Update 10:00 am, 25 May 2017: The police investigating the attack have stopped sharing information with the US after details were leaked to the US media. The bomber's name was leaked just hours after the attack, leading Home Secretary Amber Rudd to say she was "irritated" and that "it should not happen again". The New York Times also published photos of debris from the scene. Greater Manchester Police said it wants to resume a two-way flow of information soon, the BBC reported.
The names of more victims have also become clear: Eilidh MacLeod, 14, Sorrell Leczkowski, 14, young couple Chloe Rutherford, 17, and Liam Curry, 19, Michelle Kiss, Elaine McIver and Wendy Fawell, 50.
Update 15:15 pm, 24 May 2017: Police are investigating a "network" of people responsible for the attack and are carrying out "extensive searches" across Manchester, the BBC reported. Four people have now been arrested, including the bomber's 23-year-old older brother.
More victims have also been named, including Nell Jones, 14, Alison Howe, 45, Lisa Lees, 47, Jane Tweddle-Taylor, 51, and Martyn Hett, 29.
Update 7:00 am, 24 May 2017: British Prime Minister Theresa May said UK officials believe another terror attack is imminent, so the country is increasing the threat level from severe to critical. This means armed soldiers could potentially be deployed and substitute police officers at public events.
May also believes Salman Abadi, the 22-year-old man identified as the suspected suicide bomber by the authorities, may have belonged to a bigger network.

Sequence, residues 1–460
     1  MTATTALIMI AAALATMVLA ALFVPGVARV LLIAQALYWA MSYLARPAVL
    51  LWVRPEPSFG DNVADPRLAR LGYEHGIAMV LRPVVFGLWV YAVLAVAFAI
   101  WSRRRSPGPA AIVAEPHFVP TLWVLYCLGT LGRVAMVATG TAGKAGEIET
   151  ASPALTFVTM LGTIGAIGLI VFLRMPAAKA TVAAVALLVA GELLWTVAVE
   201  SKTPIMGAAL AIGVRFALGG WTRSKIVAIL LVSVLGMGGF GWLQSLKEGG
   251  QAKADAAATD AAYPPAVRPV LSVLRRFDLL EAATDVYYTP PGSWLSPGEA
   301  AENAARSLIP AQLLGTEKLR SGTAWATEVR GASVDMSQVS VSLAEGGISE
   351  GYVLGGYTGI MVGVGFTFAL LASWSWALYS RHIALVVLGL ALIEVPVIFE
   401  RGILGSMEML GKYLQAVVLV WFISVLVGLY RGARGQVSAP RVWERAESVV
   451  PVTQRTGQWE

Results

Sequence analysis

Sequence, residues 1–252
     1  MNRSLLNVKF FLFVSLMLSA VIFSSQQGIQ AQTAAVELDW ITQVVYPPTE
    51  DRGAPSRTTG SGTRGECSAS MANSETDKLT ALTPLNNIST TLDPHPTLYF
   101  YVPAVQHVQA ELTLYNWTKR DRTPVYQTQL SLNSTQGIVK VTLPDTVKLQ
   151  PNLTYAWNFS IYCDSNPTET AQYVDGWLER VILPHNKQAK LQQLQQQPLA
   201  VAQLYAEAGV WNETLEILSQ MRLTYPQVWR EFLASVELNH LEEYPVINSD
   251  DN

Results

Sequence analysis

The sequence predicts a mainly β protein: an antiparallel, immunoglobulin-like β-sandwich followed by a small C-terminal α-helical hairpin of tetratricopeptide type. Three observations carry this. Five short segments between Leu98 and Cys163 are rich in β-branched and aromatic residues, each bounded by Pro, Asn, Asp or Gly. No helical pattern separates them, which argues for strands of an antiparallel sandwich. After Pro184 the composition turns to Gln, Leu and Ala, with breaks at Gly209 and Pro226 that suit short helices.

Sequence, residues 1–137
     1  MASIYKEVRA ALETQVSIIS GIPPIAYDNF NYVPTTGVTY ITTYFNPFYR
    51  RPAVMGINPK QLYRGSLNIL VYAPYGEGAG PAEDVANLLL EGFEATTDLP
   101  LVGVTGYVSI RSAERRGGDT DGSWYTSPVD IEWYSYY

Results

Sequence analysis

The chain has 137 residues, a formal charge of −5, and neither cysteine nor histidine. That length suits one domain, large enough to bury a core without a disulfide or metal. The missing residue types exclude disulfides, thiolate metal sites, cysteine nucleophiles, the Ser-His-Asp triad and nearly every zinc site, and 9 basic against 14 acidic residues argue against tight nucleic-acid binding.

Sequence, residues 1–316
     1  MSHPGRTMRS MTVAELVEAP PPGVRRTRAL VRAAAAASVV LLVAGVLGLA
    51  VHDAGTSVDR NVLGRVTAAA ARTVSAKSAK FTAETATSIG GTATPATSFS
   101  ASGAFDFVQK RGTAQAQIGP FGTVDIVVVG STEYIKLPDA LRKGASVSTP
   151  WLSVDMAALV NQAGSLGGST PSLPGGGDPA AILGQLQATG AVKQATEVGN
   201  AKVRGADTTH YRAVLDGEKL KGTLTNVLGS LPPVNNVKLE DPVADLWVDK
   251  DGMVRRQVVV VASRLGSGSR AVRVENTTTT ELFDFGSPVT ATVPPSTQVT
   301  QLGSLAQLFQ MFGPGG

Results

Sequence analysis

More victims have also been named, the BBC reported. These include Olivia Campbell, 15, Kelly Brewster, 32, and Marcin and Angelika Klis.
Update 17:45 pm, 23 May 2017: Police have named the suspected suicide bomber as 22-year-old Salman Abedi. The BBC reported that he was born in Manchester and from a family of Libyan origin. A third victim has been named as 28-year-old John Atkinson.
Update 12:02 pm, 23 May 2017: A 23-year-old man has been arrested in connection with the attack, Greater Manchester Police said. He was arrested in Chorlton, a suburban of Manchester, near a Morrisons store by armed police, reported the BBC. More arrests and raids are predicted to follow.
The first victim has been named as Georgina Callander, 18, a student at Runshaw College in Lancashire, the BBC reported.
Update 7:20 am, 23 May 2017:
It is being reported by the BBC that 22 people have been killed as well as 59 injured in the suspected terror attack at Manchester Arena. Manchester Police say the male attacker was carrying an improvised explosive device which he detonated.
Original Story follows.
At least 20 people are dead following reports of explosions at a concert featuring singer Ariana Grande in northern England, law enforcement officials told NBC News.
Emergency crews arrived at the scene after the blasts, which were first reported about 10:40 p.m., NBC News reported. It was not immediately clear what kind of explosions occurred, and sources stressed to NBC News that “information was preliminary and subject to change.”
A video on social media from inside the arena shows attendees screaming while fleeing the concert.
”Ariana is O.K.,” her publicist told The New York Times. “We are further investigating what happened.”
“Ariana Grande had just gone behind the curtain and the lights came up when there was this massive bang and a big cloud of smoke,” a concert-goer told The Guardian.
Another concert-goer told The Manchester Evening News there was a blast at the back of the arena after the final song. “We saw young girls with blood on them, everyone was screaming and people were running,” Sasina Akhtar said.
Police advised people to avoid places around the Manchester Arena Monday night.
Grande, 23, is currently on an international tour supporting her 2016 album, Dangerous Woman. The tour was scheduled to continue on Thursday at the O2 Arena in London.
No further details were immediately available.
Check back for updates this breaking news story.